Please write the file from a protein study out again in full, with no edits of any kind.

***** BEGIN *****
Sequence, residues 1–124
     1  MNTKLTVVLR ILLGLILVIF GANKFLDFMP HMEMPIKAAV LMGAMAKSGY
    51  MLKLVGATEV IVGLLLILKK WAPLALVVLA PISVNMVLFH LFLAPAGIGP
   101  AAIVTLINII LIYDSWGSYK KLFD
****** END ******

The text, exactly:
Sequence, residues 1–124
     1  MNTKLTVVLR ILLGLILVIF GANKFLDFMP HMEMPIKAAV LMGAMAKSGY
    51  MLKLVGATEV IVGLLLILKK WAPLALVVLA PISVNMVLFH LFLAPAGIGP
   101  AAIVTLINII LIYDSWGSYK KLFD